THE ART OF HOUSE BUY­ING

The Sunday Telegraph - Sunday - - Life Property -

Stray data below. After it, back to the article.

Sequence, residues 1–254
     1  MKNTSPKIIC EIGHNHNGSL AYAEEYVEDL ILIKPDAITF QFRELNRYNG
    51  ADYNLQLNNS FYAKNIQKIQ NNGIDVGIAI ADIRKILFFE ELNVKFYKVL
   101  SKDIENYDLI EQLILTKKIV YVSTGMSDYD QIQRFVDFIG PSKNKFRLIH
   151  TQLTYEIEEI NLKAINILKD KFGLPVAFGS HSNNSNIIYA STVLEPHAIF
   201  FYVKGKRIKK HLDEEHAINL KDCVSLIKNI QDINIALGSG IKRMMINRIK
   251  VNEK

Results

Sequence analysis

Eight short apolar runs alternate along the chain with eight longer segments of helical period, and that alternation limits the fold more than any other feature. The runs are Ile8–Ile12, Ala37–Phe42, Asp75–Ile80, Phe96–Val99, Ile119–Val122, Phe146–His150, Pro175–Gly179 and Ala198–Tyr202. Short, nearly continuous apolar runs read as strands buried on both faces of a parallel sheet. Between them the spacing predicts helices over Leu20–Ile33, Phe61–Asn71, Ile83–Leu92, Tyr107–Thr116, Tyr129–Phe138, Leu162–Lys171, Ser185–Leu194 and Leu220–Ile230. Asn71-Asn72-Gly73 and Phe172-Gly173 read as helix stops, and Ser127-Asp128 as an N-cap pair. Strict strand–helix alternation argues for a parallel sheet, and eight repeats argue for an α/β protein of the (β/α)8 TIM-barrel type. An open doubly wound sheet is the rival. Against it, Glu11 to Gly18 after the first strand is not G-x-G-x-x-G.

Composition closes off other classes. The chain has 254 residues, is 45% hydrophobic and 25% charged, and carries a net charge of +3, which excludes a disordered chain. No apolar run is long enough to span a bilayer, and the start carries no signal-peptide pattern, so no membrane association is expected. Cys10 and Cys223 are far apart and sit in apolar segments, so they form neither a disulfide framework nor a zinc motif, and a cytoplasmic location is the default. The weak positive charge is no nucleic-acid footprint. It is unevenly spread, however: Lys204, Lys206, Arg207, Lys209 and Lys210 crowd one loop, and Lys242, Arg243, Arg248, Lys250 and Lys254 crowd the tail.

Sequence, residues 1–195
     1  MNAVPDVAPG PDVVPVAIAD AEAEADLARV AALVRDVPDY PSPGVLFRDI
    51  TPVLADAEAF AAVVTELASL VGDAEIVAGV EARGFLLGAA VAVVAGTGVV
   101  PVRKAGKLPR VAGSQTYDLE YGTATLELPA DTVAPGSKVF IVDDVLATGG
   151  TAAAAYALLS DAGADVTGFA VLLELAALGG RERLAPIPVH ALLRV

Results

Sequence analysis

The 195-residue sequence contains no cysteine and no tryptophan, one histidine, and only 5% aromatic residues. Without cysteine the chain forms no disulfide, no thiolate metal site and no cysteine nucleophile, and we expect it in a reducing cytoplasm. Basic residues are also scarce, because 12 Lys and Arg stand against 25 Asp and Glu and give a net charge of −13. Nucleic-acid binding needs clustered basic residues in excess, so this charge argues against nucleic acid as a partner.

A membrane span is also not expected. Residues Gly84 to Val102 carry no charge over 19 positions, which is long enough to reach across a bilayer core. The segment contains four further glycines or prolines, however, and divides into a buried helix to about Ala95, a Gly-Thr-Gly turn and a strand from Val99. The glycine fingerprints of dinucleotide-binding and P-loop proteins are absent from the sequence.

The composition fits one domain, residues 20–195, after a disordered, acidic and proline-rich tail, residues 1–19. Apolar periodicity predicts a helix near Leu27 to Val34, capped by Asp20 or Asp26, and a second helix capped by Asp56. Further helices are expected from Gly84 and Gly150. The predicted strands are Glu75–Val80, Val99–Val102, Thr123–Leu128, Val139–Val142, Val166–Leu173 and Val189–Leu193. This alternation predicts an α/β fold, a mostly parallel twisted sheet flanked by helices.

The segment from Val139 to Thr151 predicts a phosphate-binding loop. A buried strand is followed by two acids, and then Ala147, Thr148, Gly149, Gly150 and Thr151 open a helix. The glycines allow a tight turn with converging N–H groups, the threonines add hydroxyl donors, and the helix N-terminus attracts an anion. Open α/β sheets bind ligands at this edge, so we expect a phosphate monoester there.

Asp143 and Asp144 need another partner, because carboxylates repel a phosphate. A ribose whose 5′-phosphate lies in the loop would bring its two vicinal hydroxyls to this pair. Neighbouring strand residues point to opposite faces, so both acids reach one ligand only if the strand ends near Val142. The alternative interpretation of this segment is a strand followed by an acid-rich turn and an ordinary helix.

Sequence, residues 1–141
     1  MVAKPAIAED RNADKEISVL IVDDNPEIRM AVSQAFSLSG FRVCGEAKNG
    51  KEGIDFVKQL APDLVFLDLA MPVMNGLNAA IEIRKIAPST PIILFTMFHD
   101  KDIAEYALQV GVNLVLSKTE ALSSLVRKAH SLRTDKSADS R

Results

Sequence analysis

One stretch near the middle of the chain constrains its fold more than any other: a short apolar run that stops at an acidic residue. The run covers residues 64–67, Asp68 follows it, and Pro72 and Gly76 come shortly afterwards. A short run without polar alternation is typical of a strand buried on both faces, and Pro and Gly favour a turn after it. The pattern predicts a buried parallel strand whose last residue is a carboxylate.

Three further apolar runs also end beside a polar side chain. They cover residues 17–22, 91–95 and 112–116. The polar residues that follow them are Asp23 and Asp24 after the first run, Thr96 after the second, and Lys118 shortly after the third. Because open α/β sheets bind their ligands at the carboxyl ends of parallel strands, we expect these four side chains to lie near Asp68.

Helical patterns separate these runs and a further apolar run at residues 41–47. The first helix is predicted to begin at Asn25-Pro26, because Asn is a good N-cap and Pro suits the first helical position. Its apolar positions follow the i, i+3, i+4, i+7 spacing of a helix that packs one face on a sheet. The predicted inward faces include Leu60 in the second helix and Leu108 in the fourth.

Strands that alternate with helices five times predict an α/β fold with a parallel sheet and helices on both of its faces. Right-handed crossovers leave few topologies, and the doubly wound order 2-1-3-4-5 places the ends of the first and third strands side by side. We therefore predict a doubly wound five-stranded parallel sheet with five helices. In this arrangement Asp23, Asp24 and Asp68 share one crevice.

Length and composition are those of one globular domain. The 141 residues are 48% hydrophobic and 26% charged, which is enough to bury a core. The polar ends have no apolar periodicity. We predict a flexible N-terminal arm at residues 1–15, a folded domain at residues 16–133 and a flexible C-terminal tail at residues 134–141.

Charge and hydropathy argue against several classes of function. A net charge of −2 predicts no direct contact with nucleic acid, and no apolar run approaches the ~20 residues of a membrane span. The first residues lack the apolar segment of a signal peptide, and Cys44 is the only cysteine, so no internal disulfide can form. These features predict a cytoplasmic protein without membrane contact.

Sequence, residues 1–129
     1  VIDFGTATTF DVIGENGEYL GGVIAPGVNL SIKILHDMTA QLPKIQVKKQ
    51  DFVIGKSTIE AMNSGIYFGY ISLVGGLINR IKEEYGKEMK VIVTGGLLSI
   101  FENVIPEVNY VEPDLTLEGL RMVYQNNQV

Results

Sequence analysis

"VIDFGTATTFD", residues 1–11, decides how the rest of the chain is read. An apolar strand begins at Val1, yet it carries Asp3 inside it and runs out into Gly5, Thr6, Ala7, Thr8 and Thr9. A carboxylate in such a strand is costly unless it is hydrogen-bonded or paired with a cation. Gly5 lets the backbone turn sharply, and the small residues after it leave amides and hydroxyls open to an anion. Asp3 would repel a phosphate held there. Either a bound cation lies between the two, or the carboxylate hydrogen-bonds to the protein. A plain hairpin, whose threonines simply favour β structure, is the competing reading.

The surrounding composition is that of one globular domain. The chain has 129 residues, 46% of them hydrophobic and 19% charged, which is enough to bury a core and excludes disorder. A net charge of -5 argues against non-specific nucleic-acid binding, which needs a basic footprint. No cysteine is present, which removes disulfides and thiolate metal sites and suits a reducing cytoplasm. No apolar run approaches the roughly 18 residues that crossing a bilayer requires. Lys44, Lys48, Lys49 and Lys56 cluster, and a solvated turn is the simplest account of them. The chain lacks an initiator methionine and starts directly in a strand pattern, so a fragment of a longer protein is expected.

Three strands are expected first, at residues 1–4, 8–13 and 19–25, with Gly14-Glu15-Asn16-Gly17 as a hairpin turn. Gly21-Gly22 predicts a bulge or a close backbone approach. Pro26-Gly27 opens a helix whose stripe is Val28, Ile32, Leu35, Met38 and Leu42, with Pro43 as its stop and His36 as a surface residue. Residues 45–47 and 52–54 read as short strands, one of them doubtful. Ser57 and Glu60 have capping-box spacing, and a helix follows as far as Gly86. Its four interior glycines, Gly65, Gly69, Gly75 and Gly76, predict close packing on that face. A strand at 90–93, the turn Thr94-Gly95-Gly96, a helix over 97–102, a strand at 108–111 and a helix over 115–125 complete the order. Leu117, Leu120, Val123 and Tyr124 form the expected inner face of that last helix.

Chelsea’s houses on the banks of the River Thames at­tracted clus­ters of artists in the 19th cen­tury. Wil­liam Turner was mes­merised by the light and the chang­ing state of the tide and lived here qui­etly with his mis­tress un­til he died in 1851. By then the Pre-Raphaelites had dis­cov­ered it. Hol­man Hunt, Dante Gabriel Ros­setti and their cir­cle gave it no­to­ri­ety. James McNeill Whistler and John Singer Sar­gent moved in by the turn of the 20th cen­tury, adding to the plethora of blue plaques. To­day the Chelsea Arts Club, set up by Whistler in 1891, is still loved for its rack­ety at­mos­phere by artists, po­ets, writ­ers, dancers, ac­tor and mu­si­cians. Money poured in dur­ing the Six­ties, when the Kings Road was the cen­tre of Swing­ing Lon­don, and since then the prop­erty mar­ket has be­come prime. A three-bed­room house in Markham Street, just off the Kings Road, which would have sold for £18,000 in the Six­ties, is now sell­ing through Clut­tons (020 7584 1771) for £2.95m. The artists’ stu­dios of the 19th cen­tury, hid­den be­hind the grand stucco-fronted vil­las of the Boltons con­ser­va­tion area, are be­ing re­stored and sold as pieds-à-terre with a ho­tel fin­ish. At Bolton Stu­dios Sav­ills (020 7578 9000) is sell­ing one and two-bed­room flats in what it calls Lon­don’s “orig­i­nal bo­hemian quar­ter” with prices start­ing at £1.265m. Nearby, the Saatchi Gallery shows the new young artists’ work and the Biben­dum Oys­ter Bar serves up plates of seafood and cham­pagne. The whole of east Lon­don now of­fers refuge to artists who can­not af­ford their old west Lon­don haunts. When did it start? Some would say it was in the late Eight­ies when Damien Hirst, then a stu­dent at Gold­smith’s Col­lege in New Cross, held the first Frieze ex­hi­bi­tion in the dis­used Port of Lon­don Au­thor­ity build­ing at Sur­rey Docks. Charles Saatchi came along and the group known as Young Bri­tish Artists was launched. Hox­ton emerged in the Nineties as a hith­erto ne­glected area with an in­ter­est­ing past, a sense of place and lower prices, and so it be­came a new cre­ative quar­ter on the edge of the City. Prices have soared and it is al­ready gen­tri­fied with cafés and restau­rants cre­at­ing a Mont­martre at­mos­phere in Hox­ton Square, and hi-tech in­dus­tries mov­ing in around City Road. De­vel­op­ers trade on the art div­i­dend. In the aptly named Gains­bor­ough Stu­dios West, a stylish mod­ern build­ing de­signed by Munken­beck and Mar­shall on the site of the for­mer Gains­bor­ough Film Stu­dios (Hitch­cock’s The Lady Van­ishes was made here in 1938), Sav­ills (020 7226 1313) is sell­ing a huge three-floor apart­ment with six out­side ter­races and grand­stand views of the Lon­don sky­line at £2.5m. Those who can no longer af­ford Hox­ton or Shored­itch have moved to Bow. Ac­cord­ing to the Bow Arts Trust, the area has the largest num­ber of artists and arts or­gan­i­sa­tions liv­ing and work­ing to­gether of any cap­i­tal city in the world. Bow Arts runs The Nun­nery in Bow, where stu­dios can be rented and the Open Stu­dios weekend now in­volves 400 artists. New flats built by Telford in the Fielder Apart­ments at Bow Trin­ity have sold quickly but there is a one-bed­room apart­ment left at £360,000 (sales 020 3538 3457). Peck­ham is now the place to be in south Lon­don. Cam­ber­well Col­lege of Arts (alumni in­clude fash­ion de­signer Jeff Banks, Turner Prize win­ner Howard Hodgkin and film di­rec­tor Mike Leigh) ex­udes an arty buzz. En­ter­pris­ing artists such as Jo Den­nis and Dido Hal­lett have set up a not-for-profit arts venue in Caro­line Gar­dens Chapel where film and art-mak­ers can show their work. “There are now edgy art gal­leries such as the South Lon­don Gallery, pretty streets of Ge­or­gian houses and quirky pop-ups like Frank’s Café at the top of a multi-storey car park,” says Robin Chatwin of Sav­ills. But se­ri­ous house-buy­ers are here too. “It has felt the over­spill from Dul­wich and Peck­ham Rye and is now pop­u­lar with first-time buy­ers and young fam­i­lies look­ing for bet­ter value,” he says. Artist Pas­cale Jor­dan is sell­ing

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